An overheated housing market proved to be a catalyst for therecent economic meltdown. It spurred unsustainable borrowing and inflatedconsumption as people perceived themselves to be richer. However the higherhouse prices have not been underpinned by higher future income prospects.Overcooked house prices still pose difficulties to the economy. This phenomenonsparks a number of questions. Why aren’t asset prices, such as house prices,accounted for in monetary policy directly? How can asset prices be controlled?And what is being done to ensure that disruptive house price booms do not occuragain?
The events of recent years have knocked the credibility ofmacroeconomic policy and highlighted inadequacies in current economic practice.The measure to control asset price misalignments, and notably housing, is oneof these inadequacies. It is widely acknowledged that asset price imbalancescreate volatility in a number of economic variables, including inflation andoutput.
Due to the disruptions over-inflated asset prices canprovoke, policymakers are forced to consider the effects of misalignments. However,there is no weapon in the arsenal of central bankers that can directly affectasset prices.
Adjusting the OCR is the main instrument available tocentral banks but this has not proved to be effective in taking the steam outof consumer spending and over investment in housing in a timely way. Part ofthe problem has been that lending rates are determined on international markets,which until the crisis hit were flooded with funds from China and othercountries with balance of payment surpluses. In New Zealand, raising interestrates in an attempt to take air out of the bubble caused further strain on theexchange rate and exporters.
Some economists argue that there is insufficient informationfor a central bank to identify a bubble with any certainty. Others argue thatleaning against a bubble is simply impractical, due to interest rate lags.However, the same argument could be made for controlling inflation in theconventional way.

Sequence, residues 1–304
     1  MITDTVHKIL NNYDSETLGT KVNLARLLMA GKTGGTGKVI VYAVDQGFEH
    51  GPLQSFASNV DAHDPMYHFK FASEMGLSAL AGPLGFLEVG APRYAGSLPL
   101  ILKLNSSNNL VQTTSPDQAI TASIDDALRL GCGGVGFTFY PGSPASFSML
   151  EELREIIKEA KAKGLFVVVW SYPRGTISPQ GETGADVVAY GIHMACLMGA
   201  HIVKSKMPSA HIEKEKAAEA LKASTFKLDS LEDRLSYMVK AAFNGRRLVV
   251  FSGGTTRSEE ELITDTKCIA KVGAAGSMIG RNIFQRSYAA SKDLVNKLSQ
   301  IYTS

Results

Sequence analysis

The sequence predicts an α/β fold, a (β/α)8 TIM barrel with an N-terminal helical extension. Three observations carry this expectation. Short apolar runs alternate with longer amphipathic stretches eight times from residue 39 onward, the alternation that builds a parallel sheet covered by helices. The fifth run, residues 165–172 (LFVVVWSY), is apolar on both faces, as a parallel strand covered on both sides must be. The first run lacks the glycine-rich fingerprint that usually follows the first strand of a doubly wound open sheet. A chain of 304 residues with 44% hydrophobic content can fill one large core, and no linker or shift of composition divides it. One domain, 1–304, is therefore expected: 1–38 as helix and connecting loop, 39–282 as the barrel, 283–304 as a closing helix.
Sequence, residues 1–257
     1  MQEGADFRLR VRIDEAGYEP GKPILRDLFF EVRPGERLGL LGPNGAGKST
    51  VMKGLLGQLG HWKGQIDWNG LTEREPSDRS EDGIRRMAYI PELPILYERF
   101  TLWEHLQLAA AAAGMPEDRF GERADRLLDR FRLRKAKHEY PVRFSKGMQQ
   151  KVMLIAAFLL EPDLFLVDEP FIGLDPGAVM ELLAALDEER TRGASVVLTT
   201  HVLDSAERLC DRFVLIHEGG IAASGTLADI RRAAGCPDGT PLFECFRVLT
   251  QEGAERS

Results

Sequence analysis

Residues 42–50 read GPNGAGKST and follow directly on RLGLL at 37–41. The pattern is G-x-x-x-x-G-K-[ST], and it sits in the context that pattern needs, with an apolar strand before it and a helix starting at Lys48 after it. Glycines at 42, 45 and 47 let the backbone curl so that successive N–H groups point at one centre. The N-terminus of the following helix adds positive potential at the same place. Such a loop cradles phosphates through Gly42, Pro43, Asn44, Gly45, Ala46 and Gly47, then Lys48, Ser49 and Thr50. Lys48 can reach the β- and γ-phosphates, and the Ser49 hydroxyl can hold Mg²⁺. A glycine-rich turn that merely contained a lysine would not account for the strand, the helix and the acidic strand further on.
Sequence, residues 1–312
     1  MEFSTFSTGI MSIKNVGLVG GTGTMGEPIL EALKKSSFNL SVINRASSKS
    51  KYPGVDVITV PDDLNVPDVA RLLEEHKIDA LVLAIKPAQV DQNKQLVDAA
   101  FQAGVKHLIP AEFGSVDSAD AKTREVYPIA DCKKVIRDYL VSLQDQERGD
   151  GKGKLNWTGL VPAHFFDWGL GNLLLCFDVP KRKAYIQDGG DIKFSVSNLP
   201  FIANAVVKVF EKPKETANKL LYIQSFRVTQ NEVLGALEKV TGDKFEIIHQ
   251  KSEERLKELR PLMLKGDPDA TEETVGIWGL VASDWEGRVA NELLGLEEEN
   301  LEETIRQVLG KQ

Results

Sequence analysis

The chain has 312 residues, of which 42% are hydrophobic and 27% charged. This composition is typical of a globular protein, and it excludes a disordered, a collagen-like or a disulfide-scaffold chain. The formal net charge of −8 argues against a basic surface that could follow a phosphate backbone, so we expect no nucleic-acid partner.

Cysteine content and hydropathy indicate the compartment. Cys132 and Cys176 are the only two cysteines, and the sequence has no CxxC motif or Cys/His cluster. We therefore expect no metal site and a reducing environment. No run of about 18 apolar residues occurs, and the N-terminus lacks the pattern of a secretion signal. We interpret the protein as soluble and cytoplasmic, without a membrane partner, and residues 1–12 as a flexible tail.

A number of alternative potentially workable options havebeen investigated in New Zealand. The Treasury and Reserve Bank found that aMortgage Interest Levy (MIL) was deserving of further investigation as apossible alternative to controlling house prices. The MIL was envisaged as anadditional demand management instrument to supplement the OCR. In periods ofparticular pressure in the housing market and when the interest rate cycle isout of step with that internationally, a levy could be imposed on mortgage interestrates to ease the stress. This would reduce the adverse impact on exportersthat monetary policy measures can create. However the previous Government putthe idea on ice, and the current Government has not so far revived the idea.
There is a tax exemption for owner-occupied property heldfor less than two years. Removing this has also been suggested as a way to copewith wildly swinging house prices. Currently, only gains on non owner-occupiedproperties purchased with the intention of resale are liable for income tax.With increased publicity and enforcement, some effects on house price cyclescould be possible. Such a policy would also help address the structural biashousing has over other forms of investment in the country.
Another option is counter-cyclical capital requirements on banks.This raises bank capital requirements in good times and lowers them in bad,which helps to nullify the tendency for bank lending to become looser when thehouse market starts ballooning. Similarly it may ease up lending on thedownside of a cycle.
These propositions do have complications and tradeoffs thatneed to be considered. As we have seen, finance markets find ways to get aroundrestrictions to serve their own ends. Trying to reduce a bubble in the housemarket may also cause pressures in other areas.
The fact that the housing market in New Zealand has not experiencednearly as much of a collapse as the US, together with the fact that the worstof it is now behind us, may lead to the inclination to let the issue of assetprices slip under the radar. The crisis offers us a rare opportunity toimplement reforms to the operations of monetary policy. Therefore it is in thistime that research into improving the current policy mix is crucial. Controllinghouse prices is an area that is in need of further research because restassured, there will come a time in the future where a disruptive housing bubbledoes reappear. We need to be prepared for how to deal with this and cannotafford to chuck it in the â€˜too hard’ basket.
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